One day I decided to install an alternative firmware on my NETGEAR N600 in order to tweak lower-level settings and try to minimize frequent (and very frustrating) disconnections on Splatoon. But the setup failed, effectively bricking the router.
“No sweat”, I thought, “let me just put it into some sort of recovery mode and flash the original firmware into it”. For this router, the idea would be to transfer the firmware via TFTP – which works by setting up a computer with fixed TCP/IP configs and starting the transfer at the right time during the boot process.
That didn’t work either.
At that point, I realized this fix would require some physical hacking.
The idea was to connect a computer to the router via serial port and run some lower-level commands to restore the old firmware. But there was a catch: almost any decent router has a serial port, but very few have a serial port connector. To make the connection, I’d have to open the device and hook the computer’s serial port to the router motherboard pins that contain the serial port signals (TX/RX/GND).
To make things even worse, mine doesn’t have the pins, but just the holes on the board where they should be. Gee, thanks, Netgear! Tried soldering a header, but there was some gunk in one of the pins that I could not melt (they really don’t want to make it easy), so I had to precariously keep them in place with a soldering “third hand”.
Since each revision of the board has a slightly different pinout, I needed some multimeter peeking + trial-and-error to find the correct pin layout. Mine is the v3 and here is the setup that worked (green/6 = GND, blue/5 = RX, brown/2 = TX):
Router connection solved, now to the computer side. Computers these days don’t have serial ports – and even if they did, traditional (RS232) serial connectors are electrically incompatible with onboard serial circuits (TTL). Here are two possible workarounds:
- Use a Raspberry Pi by configuring a pair of GPIO pins to operate as a TTL serial device;
- Get a cheap TTL-level USB-to-serial converter and plug it into any computer.
In any case, once you set up your terminal emulaton software with the proper parameters (115200/8/N/1), it should operate as a console to the router, so when you turn it on, you will see the boot messages of its Linux-based operating system:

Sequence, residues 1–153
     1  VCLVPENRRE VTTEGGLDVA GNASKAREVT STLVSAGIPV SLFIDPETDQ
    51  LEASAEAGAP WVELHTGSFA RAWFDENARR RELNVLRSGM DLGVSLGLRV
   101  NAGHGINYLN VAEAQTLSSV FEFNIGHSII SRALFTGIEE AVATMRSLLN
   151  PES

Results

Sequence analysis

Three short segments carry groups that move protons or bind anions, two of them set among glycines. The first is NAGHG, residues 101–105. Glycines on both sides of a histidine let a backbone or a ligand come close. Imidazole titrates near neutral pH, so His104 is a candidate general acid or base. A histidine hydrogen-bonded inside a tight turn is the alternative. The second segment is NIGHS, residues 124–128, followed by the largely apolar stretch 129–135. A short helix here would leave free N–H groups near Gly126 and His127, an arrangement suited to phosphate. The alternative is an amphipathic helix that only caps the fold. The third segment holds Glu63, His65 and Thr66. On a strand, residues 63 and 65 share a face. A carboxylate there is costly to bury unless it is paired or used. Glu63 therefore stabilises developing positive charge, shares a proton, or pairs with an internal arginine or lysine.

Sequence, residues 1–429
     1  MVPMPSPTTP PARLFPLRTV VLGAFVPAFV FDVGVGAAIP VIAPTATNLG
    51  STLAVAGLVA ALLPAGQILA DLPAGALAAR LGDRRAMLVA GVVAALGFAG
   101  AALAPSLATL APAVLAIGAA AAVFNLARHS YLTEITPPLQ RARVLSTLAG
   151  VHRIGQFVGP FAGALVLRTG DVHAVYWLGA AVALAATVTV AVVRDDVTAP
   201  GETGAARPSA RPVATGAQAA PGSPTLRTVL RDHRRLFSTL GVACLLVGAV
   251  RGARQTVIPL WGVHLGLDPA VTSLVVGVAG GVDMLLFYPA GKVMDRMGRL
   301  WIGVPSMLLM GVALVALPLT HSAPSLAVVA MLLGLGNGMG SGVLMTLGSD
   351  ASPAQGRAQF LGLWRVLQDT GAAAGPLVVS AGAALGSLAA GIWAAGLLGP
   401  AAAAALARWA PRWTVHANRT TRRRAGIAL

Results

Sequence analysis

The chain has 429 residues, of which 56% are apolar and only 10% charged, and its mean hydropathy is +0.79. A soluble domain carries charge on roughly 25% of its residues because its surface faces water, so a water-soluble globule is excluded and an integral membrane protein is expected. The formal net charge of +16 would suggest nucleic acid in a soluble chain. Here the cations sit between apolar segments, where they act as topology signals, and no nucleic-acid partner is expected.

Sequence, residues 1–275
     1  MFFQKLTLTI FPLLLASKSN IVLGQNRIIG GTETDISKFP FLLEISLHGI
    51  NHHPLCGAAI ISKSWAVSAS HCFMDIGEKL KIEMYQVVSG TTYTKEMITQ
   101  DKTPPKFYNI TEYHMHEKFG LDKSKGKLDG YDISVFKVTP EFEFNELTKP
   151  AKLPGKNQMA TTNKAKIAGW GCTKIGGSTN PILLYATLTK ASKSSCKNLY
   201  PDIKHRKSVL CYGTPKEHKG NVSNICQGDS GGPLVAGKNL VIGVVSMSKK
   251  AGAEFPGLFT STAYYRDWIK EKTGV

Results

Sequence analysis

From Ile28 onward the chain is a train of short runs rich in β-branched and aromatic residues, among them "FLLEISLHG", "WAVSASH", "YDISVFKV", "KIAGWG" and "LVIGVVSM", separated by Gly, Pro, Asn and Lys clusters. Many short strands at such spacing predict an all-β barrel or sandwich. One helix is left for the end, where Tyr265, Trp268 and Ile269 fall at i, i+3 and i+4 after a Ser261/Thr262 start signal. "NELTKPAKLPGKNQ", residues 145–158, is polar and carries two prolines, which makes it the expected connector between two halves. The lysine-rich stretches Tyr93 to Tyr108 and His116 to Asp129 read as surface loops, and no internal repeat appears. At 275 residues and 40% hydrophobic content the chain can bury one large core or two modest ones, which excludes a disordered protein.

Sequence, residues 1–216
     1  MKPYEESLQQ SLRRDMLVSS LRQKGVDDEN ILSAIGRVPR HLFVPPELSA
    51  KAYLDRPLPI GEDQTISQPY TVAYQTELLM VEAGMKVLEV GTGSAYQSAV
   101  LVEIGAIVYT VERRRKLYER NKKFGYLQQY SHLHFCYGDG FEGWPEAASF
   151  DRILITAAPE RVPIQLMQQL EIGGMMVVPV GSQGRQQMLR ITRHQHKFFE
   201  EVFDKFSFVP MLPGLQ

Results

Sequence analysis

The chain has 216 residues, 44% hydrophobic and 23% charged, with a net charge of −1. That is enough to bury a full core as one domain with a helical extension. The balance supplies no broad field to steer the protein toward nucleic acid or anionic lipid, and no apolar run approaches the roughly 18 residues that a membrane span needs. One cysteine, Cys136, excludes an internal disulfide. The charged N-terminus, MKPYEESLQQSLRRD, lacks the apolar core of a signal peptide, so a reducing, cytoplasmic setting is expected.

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(snipped – full output here)
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This shows Tomato (the custom firmware) is booting up (and possibly failing at some point), and we can see the TFTP daemon starting as well. I tried to use the output as guidance to do the timed TFTP trick, yet with no result. Having a root-y
# prompt at the end allowed me to fool around a bit, but not to properly start the tftp daemon or change anything much useful.
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That shell allowed me to start
tftpd manually. That instance would not time out, allowing the proper transfer of the firmware:
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Once that process was finished, a reboot brought my router back to life, with the original system’s boot message:
The full output of the original firmware suggests the CFE is not overwritten when a new firmware is flashed – meaning it will always be there as a last resource.
Of course, figuring all this took me a very long time. In the meantime, I had to get a new router, and I picked the LinkSys WRT3200ACM – a spiritual descendant of the WRT54G series that started the custom router firmware frenzy. Its beefed-up wireless specs guarantee consistent Splatoon matches. But it was quite fun to get “old” router back in working shape – and I learned a ton on the process!